Cameron springs Cornish surprise with powers for bus franchising
The government’s approval for Cornwall to been given bus franchising powers has sent further shock waves across the commercial bus industry, which to date had been hoping to limit the franchising model to Manchester. Once again with a major transport policy announcement, the Department for Transport played a supporting role with the prime minister David Cameron launching a new devolution deal which will make Cornwall the first rural authority to get bus franchising powers.
Under the deal announced by the prime minister, Cornwall will introduce bus franchising in 2018, subject to local consultation. The deal is described as ‘fiscally neutral’, meaning there is no extra money, although the county will control budgets that are currently allocated by central government, and the council stresses that it still has to make overall savings of £196million over the next four years.
Cornwall council describes the current bus network in the county as “unstable” and claims that a London-style tendered model is required in order to deliver passenger growth and an integrated public transport network. The Cornwall Devolution Deal document states: “Since 2010, 24 out of 163 bus services in Cornwall have been withdrawn, while bus passenger numbers have declined by around 10 per cent in the last three years. Those who do not use buses report that this is because services are not frequent enough, fares are expensive and journey times are often too slow.”
The council aims to introduce integrated smart ticketing with combined, cash-less travel between bus, rail and ferry services.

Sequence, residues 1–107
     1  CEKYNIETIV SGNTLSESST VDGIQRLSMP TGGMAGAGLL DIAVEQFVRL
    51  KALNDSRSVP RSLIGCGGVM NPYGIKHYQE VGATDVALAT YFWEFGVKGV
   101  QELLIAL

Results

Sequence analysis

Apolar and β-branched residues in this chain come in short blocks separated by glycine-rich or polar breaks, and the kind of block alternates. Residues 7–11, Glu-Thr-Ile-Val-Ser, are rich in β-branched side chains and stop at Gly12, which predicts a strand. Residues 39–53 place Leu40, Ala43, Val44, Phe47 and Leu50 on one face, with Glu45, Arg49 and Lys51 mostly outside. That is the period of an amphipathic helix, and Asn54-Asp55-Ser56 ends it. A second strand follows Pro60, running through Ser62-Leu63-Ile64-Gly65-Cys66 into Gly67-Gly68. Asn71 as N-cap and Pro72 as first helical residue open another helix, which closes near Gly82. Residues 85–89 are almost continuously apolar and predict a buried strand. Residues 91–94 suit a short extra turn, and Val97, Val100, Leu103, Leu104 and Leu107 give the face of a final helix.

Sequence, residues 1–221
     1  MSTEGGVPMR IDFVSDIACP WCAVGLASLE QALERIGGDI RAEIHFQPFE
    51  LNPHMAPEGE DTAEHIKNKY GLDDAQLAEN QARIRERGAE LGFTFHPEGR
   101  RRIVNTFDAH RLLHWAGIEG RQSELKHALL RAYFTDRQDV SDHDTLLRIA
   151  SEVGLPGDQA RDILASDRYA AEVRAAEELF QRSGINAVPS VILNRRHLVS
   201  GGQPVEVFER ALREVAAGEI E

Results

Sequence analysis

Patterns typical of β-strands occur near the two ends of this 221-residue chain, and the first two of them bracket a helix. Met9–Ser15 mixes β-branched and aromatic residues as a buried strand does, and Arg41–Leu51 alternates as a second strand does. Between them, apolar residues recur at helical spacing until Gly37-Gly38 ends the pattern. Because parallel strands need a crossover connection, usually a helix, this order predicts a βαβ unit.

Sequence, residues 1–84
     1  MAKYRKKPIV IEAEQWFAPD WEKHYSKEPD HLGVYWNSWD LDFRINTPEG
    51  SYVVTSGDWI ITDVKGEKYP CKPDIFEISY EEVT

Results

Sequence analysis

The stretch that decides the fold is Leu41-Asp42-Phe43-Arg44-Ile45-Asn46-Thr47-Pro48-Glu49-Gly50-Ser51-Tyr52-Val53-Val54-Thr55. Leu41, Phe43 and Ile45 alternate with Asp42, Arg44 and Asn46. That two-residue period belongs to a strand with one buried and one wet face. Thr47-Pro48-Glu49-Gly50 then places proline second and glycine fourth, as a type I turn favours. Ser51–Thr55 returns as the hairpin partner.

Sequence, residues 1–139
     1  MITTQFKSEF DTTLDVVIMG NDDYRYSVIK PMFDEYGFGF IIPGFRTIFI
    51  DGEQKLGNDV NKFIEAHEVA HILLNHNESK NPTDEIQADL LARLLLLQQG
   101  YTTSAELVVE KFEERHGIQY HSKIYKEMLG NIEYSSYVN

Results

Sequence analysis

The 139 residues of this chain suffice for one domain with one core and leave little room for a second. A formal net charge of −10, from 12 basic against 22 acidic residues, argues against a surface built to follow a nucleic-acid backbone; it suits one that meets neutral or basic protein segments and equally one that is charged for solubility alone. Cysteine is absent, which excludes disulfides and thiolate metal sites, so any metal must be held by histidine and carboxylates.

The devolution deal agreed with government is based on a broader policy document, Case for Cornwall, which it has been preparing for some time but was hurriedly adopted by the council just days before the prime minister’s visit.
“We were early in recognising the growing momentum of the national agenda for devolving powers from Westminster and, by creating a Case for Cornwall which was strong and realistic, we have had a positive response from the government” says council leader John Pollard. “Cornwall is, therefore, the first rural authority in the country to be given a devolution deal. This gives Cornwall greater powers over public sector funding.”
The Case for Cornwall contains some details on the proposed system of bus franchising, including support for a gross contract model where the council takes all the revenue risks and a unified branding across the bus network. The council stresses that it wants to enable opportunities for small operators to bid for contracts and notes that there may be opposition from established major operators which could create difficulties in the run-up to franchising.
The council’s initial estimates claim that the subsidy costs for the Cornwall bus network range between £60 and £100million. It asserts that existing subsidy budgets would be sufficient for the lower end of this range, although it acknowledges that some “rationalisation” of the network may be needed. However, it aims to increase bus patronage to 13 million passengers by 2023, claiming that the existing deregulated system would mean less than 9.5 million passengers by 2018. It says that its modelling shows that a ‘do nothing’ approach means that there is unlikely to be a viable bus network in Cornwall by 2030.
There is no mention of the ‘c-word’ however. Compensation to private operators who have built their business through the deregulated system for nearly 30 years will simply lose the ability to operate unless they win a franchise under the new model.
CPT president Bill Hiron complained earlier in the year that the move to franchising means that the government was proposing to “take our business away”; and that appears to be exactly what is planned in this arrangement.
Cornwall council intends to introduce franchising by 2018 to provide an integrated network when the next rail franchise starts in December 2018 which will provide half-hourly services into the county.
Photo: Bus stop at Mousehole Harbour. Photograph © David Hawgood and licensed for reuse under Creative Commons Licence.